Poetry of Diane Seuss
hair is swollen, it’s Mississippian,
sucking the breath
out of freckle-faced runaways, those boys on their rafts riding the rapids
of my midlife crisis. Curls curl, the girls
beat laundry on my thrumming temple. My zillion
locks are the leashes of bloodhounds on the trail of an escapee, but
there is no escaping my hair. My
mane holds more tears than water tower or civil war. It’s dammed up with drowned
and cannonballs. It’s bigger than the cinderblock church, more incoherent than speaking
more desperate than salvation, more pathetic than being born again. God is a bone-
handled brush that can’t
untangle my hair. When I was young I liked to rock my soul, back
and forth, and bash my skull against the headboard. Hoo
said she saw in Reader’s Digest
that’s a sign of crazy so I did it some more, I did it harder until
I hairline fractured. I grabbed flagpoles
during storms and when lightning struck I smelled the saintly perfume of burning
I chided boys until they pressed their guns to my tresses and squeezed the triggers.
I was mascaraed and massacred.
I rose again, dancing on my own coffin like an assassinated
president, shaking my waist-length hair. Women across the
land send glittered sympathy cards about
the tragic fate of my hair. Who would covet, would hanker after, my twisted coif?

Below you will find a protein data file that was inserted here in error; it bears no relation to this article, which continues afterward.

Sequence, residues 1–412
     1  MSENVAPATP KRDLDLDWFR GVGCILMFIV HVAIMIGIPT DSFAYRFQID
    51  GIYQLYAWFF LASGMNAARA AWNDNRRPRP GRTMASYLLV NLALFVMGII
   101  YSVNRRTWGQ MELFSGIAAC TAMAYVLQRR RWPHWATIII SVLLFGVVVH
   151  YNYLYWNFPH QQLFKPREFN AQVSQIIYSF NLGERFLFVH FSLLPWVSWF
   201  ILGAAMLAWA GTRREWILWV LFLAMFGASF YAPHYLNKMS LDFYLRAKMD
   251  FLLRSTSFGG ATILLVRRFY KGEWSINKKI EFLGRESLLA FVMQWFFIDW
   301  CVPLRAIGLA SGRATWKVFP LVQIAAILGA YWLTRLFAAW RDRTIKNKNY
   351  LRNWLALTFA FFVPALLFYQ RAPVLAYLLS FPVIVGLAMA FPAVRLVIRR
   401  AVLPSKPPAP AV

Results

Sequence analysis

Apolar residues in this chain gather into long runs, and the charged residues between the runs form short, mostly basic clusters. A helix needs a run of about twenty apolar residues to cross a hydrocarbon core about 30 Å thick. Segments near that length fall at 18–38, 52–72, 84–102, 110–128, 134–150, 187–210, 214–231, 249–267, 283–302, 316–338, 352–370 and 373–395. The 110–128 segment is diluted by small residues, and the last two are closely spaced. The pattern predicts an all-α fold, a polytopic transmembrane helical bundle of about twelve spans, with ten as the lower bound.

the ones biting down hard on the rubber bits in their mouths, their hair cascading from
madhouse windows. The harebrained,
drinking and drawing at the flung-back throat of love.
pants are disintegrating. Yes,
my bright pink pants. Bright pink, black tiger
stripes. The pants on which I built my new life.
I’m known for. Foundational. Infamous.
In one day, holes. Old hungers, yawning griefs.
Split incisions. Indecisions. Those pants, sunset
striping the sky. The pink so domestic,
like girl-curtains, a canopy bed. The black
so inkish, so woman writer, so Cleopatra’s
mascara. The pink
so Sappho’s vaginal whorl,
so Of Woman Born. The black so Era of Poetess
Suicides. So Tia Maria and Seconals. It was all
balanced, so joyous, so pitifully bifurcated,
naively bi-curious, so woozy, sleazy, back before
my pants acted all napalmed, all flesh-eating
sloughed-off aesthetic, all glory holed.
That woman, that
woman with the rat’s
nest hair whose donuts I refused
to eat, that woman with the sick kitten smile,
teeth, goose fat gums, her
big breasts making drag-trails
in the powdered sugar like a dead body pulled
that woman whose milk I would
not drink because of the brown
ring around the circumference of the glass,
her scalp with the long,
curled fingernails of a corpse
and then picked up a donut, her hand delving
into the black
mesh of hair and reaching
into the glass case to grab a long
john, her sickle-shaped eyes, the broken capillaries
cheeks like the map of unnamed
rivers that hung in the back
of the barber shop, that Bertha, that Thelma,
Pearl stuck away in a cement
block building that used to be
the tabernacle for crazies, that woman, filthy
oracle, hand mirror.
long time I thought everything
was a drag. Going to the store was a drag.
Storehouse was a drag. Storage bin was
drag with its pile of buffalo head nickels.
Storage locker where we kept the shucked
off stories was a drag, and
the funeral coat,
and the stack of cast-off fedoras. Hair
back then was a drag, dragging a comb
through its nests
and cesspools. Seemed
like all there was to do on a Saturday night
was to drag that hook through slow brown
trying to snag my own lost girl.